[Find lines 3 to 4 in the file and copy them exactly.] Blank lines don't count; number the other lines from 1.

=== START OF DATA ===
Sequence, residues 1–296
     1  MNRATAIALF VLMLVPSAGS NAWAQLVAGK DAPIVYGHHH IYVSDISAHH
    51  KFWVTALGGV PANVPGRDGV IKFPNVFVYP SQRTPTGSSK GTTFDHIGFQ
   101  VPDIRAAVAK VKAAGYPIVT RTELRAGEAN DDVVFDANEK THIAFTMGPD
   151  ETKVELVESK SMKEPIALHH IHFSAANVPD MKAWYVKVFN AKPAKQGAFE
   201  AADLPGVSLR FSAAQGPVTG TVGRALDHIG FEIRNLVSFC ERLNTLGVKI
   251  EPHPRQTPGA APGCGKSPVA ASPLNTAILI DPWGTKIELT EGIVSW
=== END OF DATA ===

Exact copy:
    51  KFWVTALGGV PANVPGRDGV IKFPNVFVYP SQRTPTGSSK GTTFDHIGFQ
   101  VPDIRAAVAK VKAAGYPIVT RTELRAGEAN DDVVFDANEK THIAFTMGPD